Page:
A Sad Goodbye

As students trickle in for the beginning of Term 2, so did some terrible news. One of my best (and favorite) students, Akulga Nsobonu, was killed when he was struck by a car over the holidays. He was 14. His absence on campus is felt. He was an incredible student, a good kid with a kind heart and infectious smile (literally don’t think I even saw him frown). He was my best basket weaver, and would often come to my house after school just to work on the baskets with me (meaning he would work, and I would sit with him in awe of his talents). A student who would go out of his way to greet me every morning, giving me a huge smile, and reminding me how lucky I am to be here. He was quiet and humble – didn’t need special attention or recognition. What hurts me the most is that he probably had no idea how much of an impact he’s had on me during my time here.

Unfortunately, life goes on here at school, and there is little mention of him. I guess this is my way of telling the world that he is not, and won’t be, forgotten. I never got the chance to tell him myself.

Nsobonu, may you rest in perfect peace.


Baby Profile: Agana

Hey Ladies

Age: 2

Birthday: 29 October, 2009

Favorite activity: riding on motorbikes (motos), playing on dad’s moto, sitting on benches and pretending they’re motos, making the sound of a moto (vroom vroom), wearing dad’s moto helmet, playing with dad’s moto keys, crying when somebody drives away on a moto without him, helping teach ICT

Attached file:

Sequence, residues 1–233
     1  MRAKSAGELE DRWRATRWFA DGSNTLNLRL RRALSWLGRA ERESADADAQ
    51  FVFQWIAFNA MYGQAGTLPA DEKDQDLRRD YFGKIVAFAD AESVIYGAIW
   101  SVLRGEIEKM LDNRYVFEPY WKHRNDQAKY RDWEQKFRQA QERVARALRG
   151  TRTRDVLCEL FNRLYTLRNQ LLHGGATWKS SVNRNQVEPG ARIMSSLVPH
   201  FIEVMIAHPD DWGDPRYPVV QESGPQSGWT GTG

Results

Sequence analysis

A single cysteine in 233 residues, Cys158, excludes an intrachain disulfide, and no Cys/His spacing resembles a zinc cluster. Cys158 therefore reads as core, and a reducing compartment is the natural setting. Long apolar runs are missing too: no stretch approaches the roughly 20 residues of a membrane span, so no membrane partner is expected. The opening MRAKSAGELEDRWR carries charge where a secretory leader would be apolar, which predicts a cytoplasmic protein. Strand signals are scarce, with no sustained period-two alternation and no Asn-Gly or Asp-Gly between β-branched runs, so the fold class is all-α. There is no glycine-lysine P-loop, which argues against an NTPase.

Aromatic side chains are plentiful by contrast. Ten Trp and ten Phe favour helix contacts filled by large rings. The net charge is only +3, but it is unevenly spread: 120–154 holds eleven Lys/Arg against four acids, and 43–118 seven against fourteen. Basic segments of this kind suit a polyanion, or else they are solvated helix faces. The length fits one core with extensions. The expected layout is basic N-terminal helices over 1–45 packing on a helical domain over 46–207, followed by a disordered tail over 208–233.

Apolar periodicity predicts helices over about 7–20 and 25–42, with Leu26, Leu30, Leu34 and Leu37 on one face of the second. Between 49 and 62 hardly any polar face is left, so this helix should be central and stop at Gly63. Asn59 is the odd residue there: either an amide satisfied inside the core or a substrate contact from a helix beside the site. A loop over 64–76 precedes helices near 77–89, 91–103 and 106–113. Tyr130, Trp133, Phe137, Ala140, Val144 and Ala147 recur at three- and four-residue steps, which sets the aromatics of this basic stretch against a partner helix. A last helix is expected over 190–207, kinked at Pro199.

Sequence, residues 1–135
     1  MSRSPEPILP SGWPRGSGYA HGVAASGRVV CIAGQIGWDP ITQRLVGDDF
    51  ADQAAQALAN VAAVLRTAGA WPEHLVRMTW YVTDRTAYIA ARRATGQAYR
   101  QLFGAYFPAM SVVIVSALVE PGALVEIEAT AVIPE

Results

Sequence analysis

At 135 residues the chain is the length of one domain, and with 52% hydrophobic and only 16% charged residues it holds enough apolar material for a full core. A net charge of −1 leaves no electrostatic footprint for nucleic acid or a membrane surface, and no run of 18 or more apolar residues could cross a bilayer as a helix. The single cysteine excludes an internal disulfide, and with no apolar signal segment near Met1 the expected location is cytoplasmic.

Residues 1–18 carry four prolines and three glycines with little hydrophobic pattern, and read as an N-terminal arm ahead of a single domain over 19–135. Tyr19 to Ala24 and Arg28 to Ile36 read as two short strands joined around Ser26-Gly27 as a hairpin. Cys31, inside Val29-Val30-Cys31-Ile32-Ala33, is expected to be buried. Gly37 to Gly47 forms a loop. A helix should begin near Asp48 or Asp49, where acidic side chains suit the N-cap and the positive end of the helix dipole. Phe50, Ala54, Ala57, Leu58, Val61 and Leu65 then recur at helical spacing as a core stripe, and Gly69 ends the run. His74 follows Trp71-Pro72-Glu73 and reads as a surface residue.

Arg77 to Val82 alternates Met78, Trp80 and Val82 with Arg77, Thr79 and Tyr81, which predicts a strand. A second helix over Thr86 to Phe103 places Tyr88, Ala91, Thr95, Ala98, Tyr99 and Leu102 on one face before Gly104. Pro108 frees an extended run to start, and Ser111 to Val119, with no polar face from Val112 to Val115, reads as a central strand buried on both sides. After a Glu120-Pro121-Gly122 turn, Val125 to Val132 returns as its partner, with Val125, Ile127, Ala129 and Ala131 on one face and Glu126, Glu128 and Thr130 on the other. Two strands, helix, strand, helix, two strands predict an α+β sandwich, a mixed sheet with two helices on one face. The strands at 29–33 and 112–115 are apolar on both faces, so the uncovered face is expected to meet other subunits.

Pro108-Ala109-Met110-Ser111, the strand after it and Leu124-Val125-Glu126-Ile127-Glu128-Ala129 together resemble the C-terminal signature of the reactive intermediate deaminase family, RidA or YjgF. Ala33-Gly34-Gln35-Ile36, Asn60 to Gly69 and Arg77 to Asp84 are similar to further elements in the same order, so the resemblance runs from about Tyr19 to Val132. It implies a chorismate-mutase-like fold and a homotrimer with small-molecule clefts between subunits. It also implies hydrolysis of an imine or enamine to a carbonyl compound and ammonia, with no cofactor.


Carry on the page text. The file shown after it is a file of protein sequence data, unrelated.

Interesting fact: Agana is the local name for a chameleon, which in his tribe is a sacred animal that isn’t allowed to be killed or sacrificed. As legend has it, if a baby is crying in the house while his mother is working outside, it probably is being fed by a chameleon. If the mother returns to the house she will find the chameleon with it’s tail in the baby’s mouth.

favorite word: vroom vroom

Pet Peeve: bathing. Try it, he dares you.

Political stance: Doesn’t care as long as he doesn’t have to wear clothes. ever.

Interested in: A lady for the back of his dad’s moto. He’ll even take her to America if she asks nicely and agrees to help him say vroom vroom

True life: I’m a Ghanaian Celebrity

This is my first post as an official Peace Corps Volunteer!!! I’m at site and starting to settle in for the next two years. First day at site was definitely my hardest day in Ghana so far (which doesn’t say much because it’s been pretty smooth sailing up until now – but I had my teary-eyed moment as I walked back from the next village. Thank god for sunglasses). It finally hit me in the face that I’d be here for 2 years and how much work I have ahead of me, of which I may or may not be actually capable. But at the same time, it’s nice to finally feel like I’m about to do something real instead of just hanging out in Camp Peace Corps. Anyway, a quick call from Dad and some quality time spent with my cats (as suggested by Ally)  relieved me of my homesickness and now I’ll hopefully return to the euphoric state I’ve been in for the past 3 months! As my dear mother skeptically asked, “You can’t be THAT happy, are you in love?” Gross, mom. But yeah maybe there’s a baby or 9 over here that have stolen my heart piece by tender piece.